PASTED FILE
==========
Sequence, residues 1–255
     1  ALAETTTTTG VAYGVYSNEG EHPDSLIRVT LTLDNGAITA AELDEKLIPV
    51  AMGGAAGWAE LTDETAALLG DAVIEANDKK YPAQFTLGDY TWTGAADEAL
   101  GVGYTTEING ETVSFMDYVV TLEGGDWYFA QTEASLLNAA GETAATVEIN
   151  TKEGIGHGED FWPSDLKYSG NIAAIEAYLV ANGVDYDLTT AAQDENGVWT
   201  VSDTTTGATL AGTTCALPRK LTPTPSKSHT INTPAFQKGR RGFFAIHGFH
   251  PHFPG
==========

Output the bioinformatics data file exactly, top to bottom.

Sequence, residues 1–255
     1  ALAETTTTTG VAYGVYSNEG EHPDSLIRVT LTLDNGAITA AELDEKLIPV
    51  AMGGAAGWAE LTDETAALLG DAVIEANDKK YPAQFTLGDY TWTGAADEAL
   101  GVGYTTEING ETVSFMDYVV TLEGGDWYFA QTEASLLNAA GETAATVEIN
   151  TKEGIGHGED FWPSDLKYSG NIAAIEAYLV ANGVDYDLTT AAQDENGVWT
   201  VSDTTTGATL AGTTCALPRK LTPTPSKSHT INTPAFQKGR RGFFAIHGFH
   251  PHFPG